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For Car-Free Advocates, Snow Helped Make A Point About How We Use Roads

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At this "sneckdown" — located at 17th Street and Potomac Avenue SE — the snow shows parts of the roadway not used by cars and that could be replaced with a wider sidewalk, bike lane or plaza.
Justin Antos
At this "sneckdown" — located at 17th Street and Potomac Avenue SE — the snow shows parts of the roadway not used by cars and that could be replaced with a wider sidewalk, bike lane or plaza.

The storm that buried the Washington metropolitan area on Feb. 13 made traveling a mess, but bike and pedestrian advocates say there is another way of looking at the snow since plowed into piles at street corners that could benefit urban planners.

The aftermath of the storm provided a template for improved streetscapes by creating “snow neckdowns,” or as they became known on Twitter, #dcsneckdown.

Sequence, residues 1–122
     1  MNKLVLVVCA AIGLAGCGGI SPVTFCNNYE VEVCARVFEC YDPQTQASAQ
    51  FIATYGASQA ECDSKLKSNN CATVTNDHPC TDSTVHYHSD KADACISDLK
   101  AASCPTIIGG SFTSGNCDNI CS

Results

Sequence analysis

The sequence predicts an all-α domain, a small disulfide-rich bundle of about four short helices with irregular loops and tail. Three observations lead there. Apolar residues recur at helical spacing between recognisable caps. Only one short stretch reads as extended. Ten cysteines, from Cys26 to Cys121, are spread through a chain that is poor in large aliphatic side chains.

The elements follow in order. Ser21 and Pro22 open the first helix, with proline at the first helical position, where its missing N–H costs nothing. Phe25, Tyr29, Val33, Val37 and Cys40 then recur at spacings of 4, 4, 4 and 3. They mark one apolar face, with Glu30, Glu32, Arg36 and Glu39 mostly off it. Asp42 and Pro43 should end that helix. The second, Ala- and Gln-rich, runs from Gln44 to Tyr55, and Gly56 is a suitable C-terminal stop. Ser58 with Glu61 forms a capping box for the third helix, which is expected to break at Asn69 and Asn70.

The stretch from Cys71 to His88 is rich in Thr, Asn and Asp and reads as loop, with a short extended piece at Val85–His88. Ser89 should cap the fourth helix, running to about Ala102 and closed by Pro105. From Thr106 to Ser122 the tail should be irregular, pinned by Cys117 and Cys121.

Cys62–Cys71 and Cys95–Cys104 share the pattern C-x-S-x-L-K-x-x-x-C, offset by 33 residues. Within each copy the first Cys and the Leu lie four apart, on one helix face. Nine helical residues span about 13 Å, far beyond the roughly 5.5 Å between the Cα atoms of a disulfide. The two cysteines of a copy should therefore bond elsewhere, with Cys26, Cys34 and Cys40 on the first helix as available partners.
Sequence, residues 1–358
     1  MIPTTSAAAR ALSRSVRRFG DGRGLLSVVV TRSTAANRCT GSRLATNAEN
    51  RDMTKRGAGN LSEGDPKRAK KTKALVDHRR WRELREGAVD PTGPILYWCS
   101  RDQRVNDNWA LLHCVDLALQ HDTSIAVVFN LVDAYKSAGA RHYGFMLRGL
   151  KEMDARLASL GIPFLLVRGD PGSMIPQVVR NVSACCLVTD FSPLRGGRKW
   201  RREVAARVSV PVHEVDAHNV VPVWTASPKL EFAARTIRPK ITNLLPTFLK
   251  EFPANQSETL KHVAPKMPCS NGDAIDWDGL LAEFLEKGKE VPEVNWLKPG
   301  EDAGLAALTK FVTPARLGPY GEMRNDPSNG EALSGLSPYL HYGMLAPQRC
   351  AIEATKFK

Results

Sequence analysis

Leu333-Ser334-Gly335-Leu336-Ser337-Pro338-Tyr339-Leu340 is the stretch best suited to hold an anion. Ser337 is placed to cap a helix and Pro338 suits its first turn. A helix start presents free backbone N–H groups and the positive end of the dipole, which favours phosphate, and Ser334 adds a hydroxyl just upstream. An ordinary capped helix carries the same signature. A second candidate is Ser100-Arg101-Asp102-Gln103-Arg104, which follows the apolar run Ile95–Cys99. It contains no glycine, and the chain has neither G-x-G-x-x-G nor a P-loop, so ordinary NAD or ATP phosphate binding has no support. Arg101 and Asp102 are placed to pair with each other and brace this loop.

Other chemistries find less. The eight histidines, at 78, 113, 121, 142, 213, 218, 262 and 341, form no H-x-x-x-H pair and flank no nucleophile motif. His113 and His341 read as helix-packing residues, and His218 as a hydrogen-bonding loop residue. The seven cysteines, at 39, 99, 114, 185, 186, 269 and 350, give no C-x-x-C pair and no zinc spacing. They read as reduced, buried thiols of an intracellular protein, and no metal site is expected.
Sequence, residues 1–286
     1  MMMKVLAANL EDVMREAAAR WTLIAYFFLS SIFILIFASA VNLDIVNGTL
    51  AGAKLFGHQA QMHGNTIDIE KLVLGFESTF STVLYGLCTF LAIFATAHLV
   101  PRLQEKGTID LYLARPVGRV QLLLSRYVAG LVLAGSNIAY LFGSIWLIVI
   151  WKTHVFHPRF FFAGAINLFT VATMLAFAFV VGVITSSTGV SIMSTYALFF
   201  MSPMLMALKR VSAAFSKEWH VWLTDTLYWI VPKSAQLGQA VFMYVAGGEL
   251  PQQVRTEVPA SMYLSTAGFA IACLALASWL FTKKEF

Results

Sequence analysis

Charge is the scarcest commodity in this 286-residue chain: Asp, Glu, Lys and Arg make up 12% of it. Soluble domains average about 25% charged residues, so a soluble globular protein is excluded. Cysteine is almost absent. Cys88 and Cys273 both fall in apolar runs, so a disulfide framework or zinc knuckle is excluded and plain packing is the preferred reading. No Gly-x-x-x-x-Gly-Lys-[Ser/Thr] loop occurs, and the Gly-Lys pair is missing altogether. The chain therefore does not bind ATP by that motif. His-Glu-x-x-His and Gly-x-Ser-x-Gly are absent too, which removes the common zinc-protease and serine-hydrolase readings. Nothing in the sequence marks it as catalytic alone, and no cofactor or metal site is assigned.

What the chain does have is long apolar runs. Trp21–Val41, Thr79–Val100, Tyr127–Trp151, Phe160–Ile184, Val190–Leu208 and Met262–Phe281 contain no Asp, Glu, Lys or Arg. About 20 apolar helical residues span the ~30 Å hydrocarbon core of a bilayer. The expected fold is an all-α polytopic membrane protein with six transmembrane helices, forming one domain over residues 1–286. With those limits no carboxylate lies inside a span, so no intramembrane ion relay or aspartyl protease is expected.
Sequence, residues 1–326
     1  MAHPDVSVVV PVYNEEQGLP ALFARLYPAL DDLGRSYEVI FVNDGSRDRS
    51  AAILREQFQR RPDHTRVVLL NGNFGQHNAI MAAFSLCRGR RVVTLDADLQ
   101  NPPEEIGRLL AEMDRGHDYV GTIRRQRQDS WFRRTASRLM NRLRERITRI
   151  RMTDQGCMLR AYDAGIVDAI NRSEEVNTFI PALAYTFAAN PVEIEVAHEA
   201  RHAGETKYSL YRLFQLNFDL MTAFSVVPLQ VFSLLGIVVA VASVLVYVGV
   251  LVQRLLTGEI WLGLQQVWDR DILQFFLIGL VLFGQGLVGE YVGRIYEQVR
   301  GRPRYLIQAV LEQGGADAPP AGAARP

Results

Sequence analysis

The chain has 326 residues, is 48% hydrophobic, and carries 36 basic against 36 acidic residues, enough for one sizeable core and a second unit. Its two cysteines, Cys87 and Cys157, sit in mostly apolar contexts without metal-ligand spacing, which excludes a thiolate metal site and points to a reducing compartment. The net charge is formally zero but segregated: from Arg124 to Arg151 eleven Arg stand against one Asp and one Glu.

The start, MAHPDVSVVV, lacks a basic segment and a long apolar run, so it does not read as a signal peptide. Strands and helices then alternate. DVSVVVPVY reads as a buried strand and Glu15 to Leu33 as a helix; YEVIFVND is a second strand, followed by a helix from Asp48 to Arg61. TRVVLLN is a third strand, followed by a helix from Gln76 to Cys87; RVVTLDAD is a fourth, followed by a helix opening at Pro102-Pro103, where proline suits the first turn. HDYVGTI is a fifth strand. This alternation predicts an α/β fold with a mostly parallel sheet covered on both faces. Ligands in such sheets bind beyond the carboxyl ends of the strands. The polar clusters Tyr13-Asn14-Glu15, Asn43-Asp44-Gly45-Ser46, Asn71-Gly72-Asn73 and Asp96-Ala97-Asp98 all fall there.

“A neckdown is an urban planning-transportation term that basically means taking a street that is pretty wide for car travel and making it a little bit narrower to encourage traffic to flow a little bit more slowly and make more space for bicyclists and pedestrians,” said Mary Lauran Hall, a spokeswoman for the Alliance for Biking and Walking, a national advocacy group, in an interview atop a snow bank at the corner of K and 16th Streets NW.

The paths taken by cars carefully navigating the snow-clogged avenues and the plowing of the snowfall revealed what curbs might look like or where bike lanes and pedestrian plazas might be placed if streets were to be remade to accommodate travelers not in vehicles.

“The snow reveals all these little slivers and fractions of space that could be devoted to public space for walking, for pedestrian refuges, for protected bike lanes, for bulb-outs so that a sidewalk becomes wider and the crosswalk becomes narrower and it is easier to cross the street,” Hall said. “There is a lot of space that goes unused and that is revealed when you have snow that is untrodden by tires.”

Thinking about “sneckdowns” is not just a fun exercise, Hall said.

“When you look at complete streets policies — which say when you build a new street or when you change an existing street you accommodate equally for drivers, for pedestrians, for bicyclists and for transit users – you can take spaces where snow has piled up but traffic has still been able to move freely.”

The group Smart Growth America released its analysis of the cities and towns that have approved complete streets policies. More than 600 jurisdictions have such policies, including the District of Columbia.

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